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Forecasting by Analogy: 
Notes from the CuSee-Me interaction with Mickey Glantz

We are destined to mitigate and adapt. – Mickey Glantz

Below is an account of the 50 minute interaction between the Global Change class and Mickey Glantz, author of Forecasting by Analogy. If you wish, you may want to examine the technical aspects that when on behind the scenes.

Overview

– Dr. Takle

He emphasized that the course examines interdisciplinary topics

Through the curriculum students examine human progress

The question now: How do humans respond to climate change?

Forecasting by Analogy

– Mickey Glantz

Overview – using models and correlating them with activities

Use input of models to make scenarios of the future that societies can respond to.

Models are not yet ready for policy use – especially at regional and local levels where people feel the greates impact.

Idea (for Forecasting by Analogy) stimulated by a reaction of how we can get a better handle on forecasting.

(Focus on) changes in the physical atmosphere and changes in ecology due to changes in human activities.

Social scientists need long-term baseline data.

On a decadal scale in the recent past, study the societal strengths and weaknesses for (significant) events.

There is more likely a climate variability, so ask, “How well has society responded to climate variability?”

All you need to get started is a pencil and some history.

Describe Prevention, Compensation, Adaption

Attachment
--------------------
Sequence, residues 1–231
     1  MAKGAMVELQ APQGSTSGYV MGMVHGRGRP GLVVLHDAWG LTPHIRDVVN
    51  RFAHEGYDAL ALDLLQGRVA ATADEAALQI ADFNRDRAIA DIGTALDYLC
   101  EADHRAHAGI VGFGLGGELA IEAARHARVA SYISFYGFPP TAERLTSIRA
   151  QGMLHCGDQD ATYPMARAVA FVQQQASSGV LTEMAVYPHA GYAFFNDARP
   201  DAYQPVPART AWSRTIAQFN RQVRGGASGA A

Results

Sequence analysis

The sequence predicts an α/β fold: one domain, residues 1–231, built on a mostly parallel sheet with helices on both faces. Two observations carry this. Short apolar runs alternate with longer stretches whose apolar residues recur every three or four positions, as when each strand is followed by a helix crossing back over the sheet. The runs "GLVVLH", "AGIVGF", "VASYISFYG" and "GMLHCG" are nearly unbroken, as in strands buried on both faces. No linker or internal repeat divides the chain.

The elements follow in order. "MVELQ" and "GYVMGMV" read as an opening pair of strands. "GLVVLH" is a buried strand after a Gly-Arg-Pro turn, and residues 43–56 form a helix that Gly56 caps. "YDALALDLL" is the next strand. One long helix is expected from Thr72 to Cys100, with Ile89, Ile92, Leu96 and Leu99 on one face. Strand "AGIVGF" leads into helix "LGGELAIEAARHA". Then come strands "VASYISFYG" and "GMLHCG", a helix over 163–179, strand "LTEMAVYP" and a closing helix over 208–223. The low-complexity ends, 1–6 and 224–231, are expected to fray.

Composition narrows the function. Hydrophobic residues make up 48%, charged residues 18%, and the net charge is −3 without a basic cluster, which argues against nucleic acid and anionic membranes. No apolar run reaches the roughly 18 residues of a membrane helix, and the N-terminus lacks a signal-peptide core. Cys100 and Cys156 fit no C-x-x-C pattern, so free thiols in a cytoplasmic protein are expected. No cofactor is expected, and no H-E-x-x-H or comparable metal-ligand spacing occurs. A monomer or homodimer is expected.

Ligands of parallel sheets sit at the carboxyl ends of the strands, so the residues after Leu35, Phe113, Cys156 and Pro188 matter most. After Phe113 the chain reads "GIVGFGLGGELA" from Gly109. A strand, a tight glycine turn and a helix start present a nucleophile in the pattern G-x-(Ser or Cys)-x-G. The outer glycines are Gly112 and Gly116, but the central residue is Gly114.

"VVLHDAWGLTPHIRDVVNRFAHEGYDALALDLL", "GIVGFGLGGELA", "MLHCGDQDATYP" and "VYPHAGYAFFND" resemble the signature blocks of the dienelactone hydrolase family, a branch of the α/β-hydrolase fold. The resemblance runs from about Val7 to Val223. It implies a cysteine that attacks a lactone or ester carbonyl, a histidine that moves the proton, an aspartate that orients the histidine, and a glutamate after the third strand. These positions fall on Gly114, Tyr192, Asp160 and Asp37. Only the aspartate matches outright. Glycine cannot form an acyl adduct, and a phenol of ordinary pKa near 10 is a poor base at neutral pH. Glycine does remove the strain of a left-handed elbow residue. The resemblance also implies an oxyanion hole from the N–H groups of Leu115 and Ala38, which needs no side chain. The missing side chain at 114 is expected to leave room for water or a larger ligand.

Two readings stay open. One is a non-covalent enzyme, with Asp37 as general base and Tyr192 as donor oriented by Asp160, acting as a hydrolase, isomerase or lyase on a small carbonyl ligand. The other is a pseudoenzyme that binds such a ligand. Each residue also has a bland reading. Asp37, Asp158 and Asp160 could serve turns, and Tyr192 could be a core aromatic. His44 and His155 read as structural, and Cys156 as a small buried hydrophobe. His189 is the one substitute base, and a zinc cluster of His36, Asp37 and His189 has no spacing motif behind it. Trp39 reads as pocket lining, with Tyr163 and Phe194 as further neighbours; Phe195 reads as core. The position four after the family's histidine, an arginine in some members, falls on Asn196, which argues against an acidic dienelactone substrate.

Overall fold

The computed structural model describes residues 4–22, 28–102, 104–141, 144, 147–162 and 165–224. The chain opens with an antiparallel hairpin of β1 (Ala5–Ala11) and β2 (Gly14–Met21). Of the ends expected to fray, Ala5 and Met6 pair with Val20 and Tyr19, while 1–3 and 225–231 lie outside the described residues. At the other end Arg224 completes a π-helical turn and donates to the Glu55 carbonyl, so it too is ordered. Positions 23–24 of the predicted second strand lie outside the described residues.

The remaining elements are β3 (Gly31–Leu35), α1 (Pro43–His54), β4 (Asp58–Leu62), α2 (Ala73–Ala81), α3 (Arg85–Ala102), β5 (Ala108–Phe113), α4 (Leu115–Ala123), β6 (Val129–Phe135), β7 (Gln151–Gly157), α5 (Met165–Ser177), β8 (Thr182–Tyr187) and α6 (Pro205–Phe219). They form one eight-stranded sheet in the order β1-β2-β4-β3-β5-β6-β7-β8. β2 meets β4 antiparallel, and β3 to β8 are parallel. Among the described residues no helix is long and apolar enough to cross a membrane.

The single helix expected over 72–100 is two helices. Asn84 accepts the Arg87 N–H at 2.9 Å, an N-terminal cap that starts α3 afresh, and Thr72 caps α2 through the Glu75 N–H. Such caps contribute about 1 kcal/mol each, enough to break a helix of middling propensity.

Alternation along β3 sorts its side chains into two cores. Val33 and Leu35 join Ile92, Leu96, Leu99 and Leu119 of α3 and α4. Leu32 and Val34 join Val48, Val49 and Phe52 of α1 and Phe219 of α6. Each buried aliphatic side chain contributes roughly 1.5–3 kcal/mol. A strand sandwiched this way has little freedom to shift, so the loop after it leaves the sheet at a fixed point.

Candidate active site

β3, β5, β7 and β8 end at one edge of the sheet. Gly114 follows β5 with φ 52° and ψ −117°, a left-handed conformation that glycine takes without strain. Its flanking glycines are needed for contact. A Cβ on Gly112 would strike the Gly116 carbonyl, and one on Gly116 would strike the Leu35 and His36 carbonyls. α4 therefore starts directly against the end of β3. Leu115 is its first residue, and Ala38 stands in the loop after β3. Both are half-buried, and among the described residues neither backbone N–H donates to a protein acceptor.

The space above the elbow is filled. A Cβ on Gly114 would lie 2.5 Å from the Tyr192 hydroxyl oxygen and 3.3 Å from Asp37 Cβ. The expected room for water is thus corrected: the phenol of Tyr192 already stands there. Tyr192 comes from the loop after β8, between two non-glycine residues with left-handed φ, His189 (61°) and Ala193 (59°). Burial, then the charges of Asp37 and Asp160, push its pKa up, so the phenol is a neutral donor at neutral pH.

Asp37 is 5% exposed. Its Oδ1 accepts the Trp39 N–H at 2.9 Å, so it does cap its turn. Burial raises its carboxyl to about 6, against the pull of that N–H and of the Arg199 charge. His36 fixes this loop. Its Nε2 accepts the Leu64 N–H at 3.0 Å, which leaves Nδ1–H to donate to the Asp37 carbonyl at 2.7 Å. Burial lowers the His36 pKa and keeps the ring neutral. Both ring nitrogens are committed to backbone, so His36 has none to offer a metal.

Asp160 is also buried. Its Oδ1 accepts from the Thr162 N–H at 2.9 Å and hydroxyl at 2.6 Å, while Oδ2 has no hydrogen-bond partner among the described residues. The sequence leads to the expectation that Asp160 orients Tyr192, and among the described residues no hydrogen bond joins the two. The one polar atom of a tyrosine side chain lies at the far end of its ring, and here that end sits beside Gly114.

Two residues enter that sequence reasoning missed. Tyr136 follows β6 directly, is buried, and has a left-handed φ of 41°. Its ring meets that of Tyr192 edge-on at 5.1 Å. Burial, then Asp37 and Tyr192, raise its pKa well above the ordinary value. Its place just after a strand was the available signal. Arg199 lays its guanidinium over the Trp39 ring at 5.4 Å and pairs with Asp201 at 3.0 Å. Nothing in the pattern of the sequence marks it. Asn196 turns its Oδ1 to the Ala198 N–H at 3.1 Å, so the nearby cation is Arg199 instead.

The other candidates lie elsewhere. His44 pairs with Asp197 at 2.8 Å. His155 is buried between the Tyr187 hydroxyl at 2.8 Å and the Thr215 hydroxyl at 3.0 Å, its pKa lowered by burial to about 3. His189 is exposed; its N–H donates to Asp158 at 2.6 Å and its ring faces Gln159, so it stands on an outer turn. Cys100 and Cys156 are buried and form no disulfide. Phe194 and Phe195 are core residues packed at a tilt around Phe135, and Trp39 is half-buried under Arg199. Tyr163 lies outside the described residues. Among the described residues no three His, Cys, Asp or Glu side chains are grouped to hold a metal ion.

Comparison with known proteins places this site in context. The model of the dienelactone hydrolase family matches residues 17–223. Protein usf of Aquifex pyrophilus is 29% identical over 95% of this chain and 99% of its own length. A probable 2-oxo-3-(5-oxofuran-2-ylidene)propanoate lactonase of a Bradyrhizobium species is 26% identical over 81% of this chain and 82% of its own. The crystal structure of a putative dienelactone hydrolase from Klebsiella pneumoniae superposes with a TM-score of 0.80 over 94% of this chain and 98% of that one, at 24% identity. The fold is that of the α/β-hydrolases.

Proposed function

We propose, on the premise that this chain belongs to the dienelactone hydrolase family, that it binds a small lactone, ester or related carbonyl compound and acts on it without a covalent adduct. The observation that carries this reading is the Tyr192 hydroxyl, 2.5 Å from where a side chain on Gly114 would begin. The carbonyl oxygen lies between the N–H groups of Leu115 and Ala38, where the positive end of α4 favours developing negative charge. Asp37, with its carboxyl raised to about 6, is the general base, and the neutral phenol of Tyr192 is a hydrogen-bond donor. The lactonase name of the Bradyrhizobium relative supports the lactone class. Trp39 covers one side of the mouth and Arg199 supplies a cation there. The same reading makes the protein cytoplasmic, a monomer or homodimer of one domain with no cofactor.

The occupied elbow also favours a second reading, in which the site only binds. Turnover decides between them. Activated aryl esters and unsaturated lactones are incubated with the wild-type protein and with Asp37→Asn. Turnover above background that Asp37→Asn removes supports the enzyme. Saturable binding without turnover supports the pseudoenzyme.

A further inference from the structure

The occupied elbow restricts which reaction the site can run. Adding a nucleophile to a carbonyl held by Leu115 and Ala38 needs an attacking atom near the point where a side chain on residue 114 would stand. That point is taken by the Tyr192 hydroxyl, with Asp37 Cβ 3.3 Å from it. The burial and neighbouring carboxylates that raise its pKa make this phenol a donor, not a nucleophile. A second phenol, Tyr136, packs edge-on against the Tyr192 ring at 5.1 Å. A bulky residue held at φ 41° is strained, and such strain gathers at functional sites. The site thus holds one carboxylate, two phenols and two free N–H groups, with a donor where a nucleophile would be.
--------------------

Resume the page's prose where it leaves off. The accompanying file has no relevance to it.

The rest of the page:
Action has a cost – what do we do in the future? Examine the Salt Lake Case.

Mitigation – proaction prior to change. Example: (1) burn coal; (2) Global warming; (3) acid rain. Pays to look at the use of coal.

Adaption – reaction to change.

Today, we moved from prevention to adaption, which has become a murky combination of mitigation and adaption. The use of CFCs is an example. The key is that CFC producers are finite.

On the other hand, CO2 producers are widespread and therefore production is much more difficult to change.

Question: using a bank analogy, is it time for the industrialized countries to put back environmental quality (a so called “clean environment”) so that developing countries can industrialize (essentially go through the same process we did, including increasing CO2 emissions)? The key here could be helping the developing countries to industrialize with better technology. The problem is that technology is still difficult to transfer.

Ogallala Analogy

Nebraska is still in good shape.

High Plains (Texas), which is at the edge of the aquifer, is running out of water. What kind of actions were taken as they realized they were running out?

Farmers could: (1) abandon the farm; (2) drill deeper wells; (3) move to dry land farming.

Examine how people are changing as the regional water balance changes

Intra- vs Intergenerational Issues

Problem: how do you get some control on intergenerational issues? What about intragenerational issues? Why should we be concerned about 50 years from now when we can’t solve issues of now?

We should have a 5 generation conference to discuss the intergenerational issues, looking for new solutions, and link this to intragenerational equity.

We are really saying that from now on we want to preserve the planet for the next generation?

Renewable does not imply rapid time – more likely multi-generations. Even coal is renewable in several hundred million years.